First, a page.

Mimic Poison Frog

The Mimic Poison Frog is classified as Least Concern. Does not qualify for a more at risk category. Widespread and abundant taxa are included in this category.

A male mimic poison frog carries his tadpole offspring/ Copyright Jason Brown Up until recently, scientists thought there weren’t any monogamous frogs and toads. When breeding time comes around it typically works like this: males calls, females show up. More

The female mimic poison frog lays only a few eggs on a leaf. After two weeks, the male collects the newly hatched tadpoles onto his back, and carries them to a tiny pool of water that has collected inside of a Heliconia plant. More

Why this is so with the mimic poison frog is still unknown. After sampling DNA from the mimic poison frog, Brown and his colleagues were able to determine that 11 out of 12 frog families had remained continually faithful to each other. More

Common names: Mimic poison frog, imitator poison dart frog Ranitomeya imitator (formerly Dendrobates imitator) is a type of poison dart frog found in the north-central region of eastern Peru. D. imitator belongs to the D. quinquevittatus group, consisting of frogs such as D. More

The mimic poison frog is not to be confused with the variable poison frog, which the mimic poison frog imitates. The variable poison frog has been found to be promiscuous — rather like Tiger Woods. More

mimic poison frog imitates the brilliant color patterns of this poisonous species, so they even look very similar). In variable poison frogs, only the males relocated newly hatched tadpoles to a phytotelm and left them there to mature. More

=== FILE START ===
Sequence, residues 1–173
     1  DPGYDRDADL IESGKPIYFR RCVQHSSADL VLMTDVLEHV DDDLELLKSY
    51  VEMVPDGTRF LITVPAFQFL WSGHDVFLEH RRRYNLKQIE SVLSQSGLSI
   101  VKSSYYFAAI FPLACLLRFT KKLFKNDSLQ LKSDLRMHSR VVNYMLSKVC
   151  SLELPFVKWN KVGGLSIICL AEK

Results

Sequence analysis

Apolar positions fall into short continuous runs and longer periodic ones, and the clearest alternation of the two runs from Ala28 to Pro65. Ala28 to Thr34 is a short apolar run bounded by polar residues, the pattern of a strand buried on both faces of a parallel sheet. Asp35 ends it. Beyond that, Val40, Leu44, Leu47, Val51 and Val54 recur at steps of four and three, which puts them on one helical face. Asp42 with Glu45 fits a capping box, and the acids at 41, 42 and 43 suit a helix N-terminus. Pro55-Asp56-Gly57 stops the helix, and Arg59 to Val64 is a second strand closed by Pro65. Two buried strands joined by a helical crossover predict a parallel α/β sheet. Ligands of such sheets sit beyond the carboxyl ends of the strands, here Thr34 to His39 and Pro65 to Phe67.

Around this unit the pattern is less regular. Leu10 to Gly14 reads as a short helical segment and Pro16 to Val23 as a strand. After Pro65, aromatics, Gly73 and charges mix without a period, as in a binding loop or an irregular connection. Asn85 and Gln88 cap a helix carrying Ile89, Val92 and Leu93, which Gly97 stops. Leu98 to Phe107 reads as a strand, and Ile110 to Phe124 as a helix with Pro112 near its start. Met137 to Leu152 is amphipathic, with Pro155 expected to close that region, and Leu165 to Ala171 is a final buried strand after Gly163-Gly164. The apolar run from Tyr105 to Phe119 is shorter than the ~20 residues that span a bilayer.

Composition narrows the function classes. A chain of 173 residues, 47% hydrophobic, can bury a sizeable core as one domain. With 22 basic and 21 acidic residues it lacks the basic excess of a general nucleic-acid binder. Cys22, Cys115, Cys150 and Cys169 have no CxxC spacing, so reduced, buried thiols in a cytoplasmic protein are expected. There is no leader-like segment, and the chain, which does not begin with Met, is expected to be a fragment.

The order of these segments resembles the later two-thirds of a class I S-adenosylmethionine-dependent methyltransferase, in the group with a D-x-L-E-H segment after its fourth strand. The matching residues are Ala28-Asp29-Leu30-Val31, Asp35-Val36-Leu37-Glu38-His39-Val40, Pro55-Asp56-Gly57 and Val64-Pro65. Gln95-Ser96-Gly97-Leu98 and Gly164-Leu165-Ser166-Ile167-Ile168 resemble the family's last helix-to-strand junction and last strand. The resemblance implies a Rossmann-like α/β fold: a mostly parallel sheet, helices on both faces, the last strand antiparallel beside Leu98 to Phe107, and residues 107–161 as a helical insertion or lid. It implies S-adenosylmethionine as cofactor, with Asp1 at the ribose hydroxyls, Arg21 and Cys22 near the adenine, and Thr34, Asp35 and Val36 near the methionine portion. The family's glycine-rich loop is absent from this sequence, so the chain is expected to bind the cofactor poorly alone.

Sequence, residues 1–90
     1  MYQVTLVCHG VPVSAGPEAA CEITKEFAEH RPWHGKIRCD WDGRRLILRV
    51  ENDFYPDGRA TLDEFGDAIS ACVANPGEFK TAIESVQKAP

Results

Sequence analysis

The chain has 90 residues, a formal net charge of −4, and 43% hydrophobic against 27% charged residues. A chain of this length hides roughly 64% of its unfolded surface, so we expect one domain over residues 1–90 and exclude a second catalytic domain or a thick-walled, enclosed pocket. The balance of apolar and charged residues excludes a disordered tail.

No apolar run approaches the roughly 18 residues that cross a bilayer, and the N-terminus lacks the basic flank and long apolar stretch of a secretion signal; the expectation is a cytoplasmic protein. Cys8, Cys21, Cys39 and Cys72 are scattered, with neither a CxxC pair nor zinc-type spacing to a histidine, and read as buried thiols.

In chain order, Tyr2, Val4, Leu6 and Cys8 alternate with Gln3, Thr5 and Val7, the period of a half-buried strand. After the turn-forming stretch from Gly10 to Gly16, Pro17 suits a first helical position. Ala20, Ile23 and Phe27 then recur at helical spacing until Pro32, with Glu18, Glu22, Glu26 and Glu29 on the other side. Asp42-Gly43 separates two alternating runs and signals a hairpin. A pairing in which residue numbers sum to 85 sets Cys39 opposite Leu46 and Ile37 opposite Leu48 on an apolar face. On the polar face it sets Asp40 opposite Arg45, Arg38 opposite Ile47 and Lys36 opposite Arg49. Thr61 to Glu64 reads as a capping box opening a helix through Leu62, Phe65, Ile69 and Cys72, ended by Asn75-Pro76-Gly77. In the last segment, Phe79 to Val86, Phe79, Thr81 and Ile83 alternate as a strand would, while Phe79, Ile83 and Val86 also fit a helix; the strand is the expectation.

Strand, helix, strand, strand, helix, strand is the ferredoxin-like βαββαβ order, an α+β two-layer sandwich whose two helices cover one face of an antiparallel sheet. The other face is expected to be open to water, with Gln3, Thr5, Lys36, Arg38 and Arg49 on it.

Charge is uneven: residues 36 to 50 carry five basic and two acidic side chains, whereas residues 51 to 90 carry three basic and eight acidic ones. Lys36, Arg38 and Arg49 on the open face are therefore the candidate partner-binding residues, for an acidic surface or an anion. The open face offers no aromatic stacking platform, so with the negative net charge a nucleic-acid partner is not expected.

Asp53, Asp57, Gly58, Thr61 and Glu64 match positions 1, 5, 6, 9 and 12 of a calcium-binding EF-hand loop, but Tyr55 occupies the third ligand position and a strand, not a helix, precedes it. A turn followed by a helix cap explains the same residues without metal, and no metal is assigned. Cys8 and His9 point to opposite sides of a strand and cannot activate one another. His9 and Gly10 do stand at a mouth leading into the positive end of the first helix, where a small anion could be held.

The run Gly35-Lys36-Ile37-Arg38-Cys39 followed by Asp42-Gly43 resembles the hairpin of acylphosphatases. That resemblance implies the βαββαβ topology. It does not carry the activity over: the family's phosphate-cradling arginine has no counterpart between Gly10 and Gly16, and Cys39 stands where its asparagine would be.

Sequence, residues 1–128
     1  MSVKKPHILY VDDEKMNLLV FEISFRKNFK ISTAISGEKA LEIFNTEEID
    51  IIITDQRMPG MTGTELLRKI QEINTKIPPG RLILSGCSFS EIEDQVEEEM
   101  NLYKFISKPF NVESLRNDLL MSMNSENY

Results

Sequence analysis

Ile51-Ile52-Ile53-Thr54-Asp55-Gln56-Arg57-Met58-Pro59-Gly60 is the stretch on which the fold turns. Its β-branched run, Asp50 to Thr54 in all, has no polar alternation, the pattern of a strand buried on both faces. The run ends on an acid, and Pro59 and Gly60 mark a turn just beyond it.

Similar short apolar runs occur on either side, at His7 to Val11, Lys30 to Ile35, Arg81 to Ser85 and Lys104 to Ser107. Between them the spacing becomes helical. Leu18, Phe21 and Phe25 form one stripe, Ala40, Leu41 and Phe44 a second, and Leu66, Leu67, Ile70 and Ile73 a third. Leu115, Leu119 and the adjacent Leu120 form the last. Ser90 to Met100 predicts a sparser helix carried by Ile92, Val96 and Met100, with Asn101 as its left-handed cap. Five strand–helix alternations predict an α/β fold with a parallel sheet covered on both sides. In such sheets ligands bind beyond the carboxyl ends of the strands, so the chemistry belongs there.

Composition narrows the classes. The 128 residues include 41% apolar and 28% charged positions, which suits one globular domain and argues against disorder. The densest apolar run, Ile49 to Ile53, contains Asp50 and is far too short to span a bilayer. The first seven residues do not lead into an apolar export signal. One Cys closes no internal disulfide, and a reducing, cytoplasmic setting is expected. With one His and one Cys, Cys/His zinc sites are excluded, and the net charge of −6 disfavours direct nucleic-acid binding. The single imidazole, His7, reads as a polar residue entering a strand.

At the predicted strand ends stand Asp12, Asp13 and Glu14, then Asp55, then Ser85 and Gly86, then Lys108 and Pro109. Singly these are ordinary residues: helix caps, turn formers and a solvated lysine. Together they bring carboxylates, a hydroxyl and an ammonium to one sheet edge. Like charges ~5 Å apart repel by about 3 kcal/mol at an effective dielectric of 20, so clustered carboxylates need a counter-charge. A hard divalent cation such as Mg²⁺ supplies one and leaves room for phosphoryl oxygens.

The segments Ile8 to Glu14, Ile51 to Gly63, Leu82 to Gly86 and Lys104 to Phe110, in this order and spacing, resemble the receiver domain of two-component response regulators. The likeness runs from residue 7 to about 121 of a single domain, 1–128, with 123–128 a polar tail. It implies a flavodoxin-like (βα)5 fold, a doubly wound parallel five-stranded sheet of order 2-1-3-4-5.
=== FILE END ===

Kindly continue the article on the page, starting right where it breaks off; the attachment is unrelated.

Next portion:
Mimic poison frog These frogs are truly devoted to their offspring, and to each other Dr Jason Brown Duke University "This is the first discovery of a truly monogamous amphibian," says biologist Dr Jason Brown, then of East Carolina University in More

forced the mimic poison frog to change its system of parental care, with males and females working together. That then culminated in social and genetic monogamy. More

Mimic Poison Frog (imitator Ranitomeya) Read more> Post: This blog seems to identify completely verantwortlichErste Reptile Amphibians appear monogamous – The Mimic poison frog This entry was posted on Wednesday, March 10th, 2010 at 4:59 pm and is filed under Reptile Blog. More

After mating, a female mimic poison frog lays her eggs on the surface of leaves. More

Mimic poison frogs have been forced to take a different path, however. Their tadpoles cannot survive without the care of both their father and mother, as there is too little natural food in their smaller pools. More

This mimic poison frog carries a tadpole on its back. This mimic poison frog carries a tadpole on its back. More

Mimic Poison Frog - Painting - Nature Art by Rachel Dillon = Home of Rachel DillonBiography of Rachel DillonArtwork by Rachel DillonCommissions with Rachel DillonNews About Rachel DillonGuesbook of Rachel DillonLinksMailing List for Rachel Dillon nature artSend an eCard More

mimic poison frog grows up in much smaller, less nutrient-dense water pools that form in the folds of tree leaves. They are ferried there after hatching by males, who monitor them in the months following birth. More

mimic poison frog — as it is more commonly known — has been known to science for quite some time. But it wasn’t until recently that biologist Dr. More

Genetic tests of male and female of mimic poison frog - a species of Peruvian poison frog found in the rainforest of South America - has showed that they are monogamous. More

Order : Anura
Family : Dendrobatidae
Genus : Ranitomeya
Species : imitator
Authority : (Schulte, 1986)